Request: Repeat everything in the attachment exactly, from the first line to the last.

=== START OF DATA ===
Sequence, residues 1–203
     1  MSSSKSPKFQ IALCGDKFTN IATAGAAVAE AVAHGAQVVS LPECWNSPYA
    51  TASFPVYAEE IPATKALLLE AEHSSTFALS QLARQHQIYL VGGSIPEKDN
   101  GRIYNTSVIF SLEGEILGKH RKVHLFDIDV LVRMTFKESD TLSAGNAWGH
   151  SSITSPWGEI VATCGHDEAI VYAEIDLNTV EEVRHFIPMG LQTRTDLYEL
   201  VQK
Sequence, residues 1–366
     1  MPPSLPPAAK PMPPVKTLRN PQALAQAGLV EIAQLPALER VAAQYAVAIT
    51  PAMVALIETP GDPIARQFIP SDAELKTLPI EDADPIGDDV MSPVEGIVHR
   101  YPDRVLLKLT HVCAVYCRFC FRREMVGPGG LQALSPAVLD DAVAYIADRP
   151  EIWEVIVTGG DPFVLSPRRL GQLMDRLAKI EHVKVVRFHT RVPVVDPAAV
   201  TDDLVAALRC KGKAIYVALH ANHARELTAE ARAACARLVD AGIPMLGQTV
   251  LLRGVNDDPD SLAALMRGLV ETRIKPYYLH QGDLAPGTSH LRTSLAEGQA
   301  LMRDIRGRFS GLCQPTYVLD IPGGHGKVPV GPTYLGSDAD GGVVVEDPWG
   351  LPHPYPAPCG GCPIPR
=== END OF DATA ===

Sequence, residues 1–203
     1  MSSSKSPKFQ IALCGDKFTN IATAGAAVAE AVAHGAQVVS LPECWNSPYA
    51  TASFPVYAEE IPATKALLLE AEHSSTFALS QLARQHQIYL VGGSIPEKDN
   101  GRIYNTSVIF SLEGEILGKH RKVHLFDIDV LVRMTFKESD TLSAGNAWGH
   151  SSITSPWGEI VATCGHDEAI VYAEIDLNTV EEVRHFIPMG LQTRTDLYEL
   201  VQK
Sequence, residues 1–366
     1  MPPSLPPAAK PMPPVKTLRN PQALAQAGLV EIAQLPALER VAAQYAVAIT
    51  PAMVALIETP GDPIARQFIP SDAELKTLPI EDADPIGDDV MSPVEGIVHR
   101  YPDRVLLKLT HVCAVYCRFC FRREMVGPGG LQALSPAVLD DAVAYIADRP
   151  EIWEVIVTGG DPFVLSPRRL GQLMDRLAKI EHVKVVRFHT RVPVVDPAAV
   201  TDDLVAALRC KGKAIYVALH ANHARELTAE ARAACARLVD AGIPMLGQTV
   251  LLRGVNDDPD SLAALMRGLV ETRIKPYYLH QGDLAPGTSH LRTSLAEGQA
   301  LMRDIRGRFS GLCQPTYVLD IPGGHGKVPV GPTYLGSDAD GGVVVEDPWG
   351  LPHPYPAPCG GCPIPR